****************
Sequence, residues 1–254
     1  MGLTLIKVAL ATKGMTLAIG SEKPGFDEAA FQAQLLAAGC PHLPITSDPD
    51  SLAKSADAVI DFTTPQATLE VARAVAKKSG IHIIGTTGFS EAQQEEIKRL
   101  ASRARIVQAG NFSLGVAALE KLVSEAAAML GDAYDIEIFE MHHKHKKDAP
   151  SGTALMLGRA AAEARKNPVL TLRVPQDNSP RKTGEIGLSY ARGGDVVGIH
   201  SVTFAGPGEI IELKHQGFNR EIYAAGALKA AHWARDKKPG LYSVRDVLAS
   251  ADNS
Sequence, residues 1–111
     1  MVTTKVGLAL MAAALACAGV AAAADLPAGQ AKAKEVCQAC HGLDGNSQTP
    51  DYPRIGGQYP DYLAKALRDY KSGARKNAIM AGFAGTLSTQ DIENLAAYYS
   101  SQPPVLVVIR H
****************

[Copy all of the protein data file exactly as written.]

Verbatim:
Sequence, residues 1–254
     1  MGLTLIKVAL ATKGMTLAIG SEKPGFDEAA FQAQLLAAGC PHLPITSDPD
    51  SLAKSADAVI DFTTPQATLE VARAVAKKSG IHIIGTTGFS EAQQEEIKRL
   101  ASRARIVQAG NFSLGVAALE KLVSEAAAML GDAYDIEIFE MHHKHKKDAP
   151  SGTALMLGRA AAEARKNPVL TLRVPQDNSP RKTGEIGLSY ARGGDVVGIH
   201  SVTFAGPGEI IELKHQGFNR EIYAAGALKA AHWARDKKPG LYSVRDVLAS
   251  ADNS
Sequence, residues 1–111
     1  MVTTKVGLAL MAAALACAGV AAAADLPAGQ AKAKEVCQAC HGLDGNSQTP
    51  DYPRIGGQYP DYLAKALRDY KSGARKNAIM AGFAGTLSTQ DIENLAAYYS
   101  SQPPVLVVIR H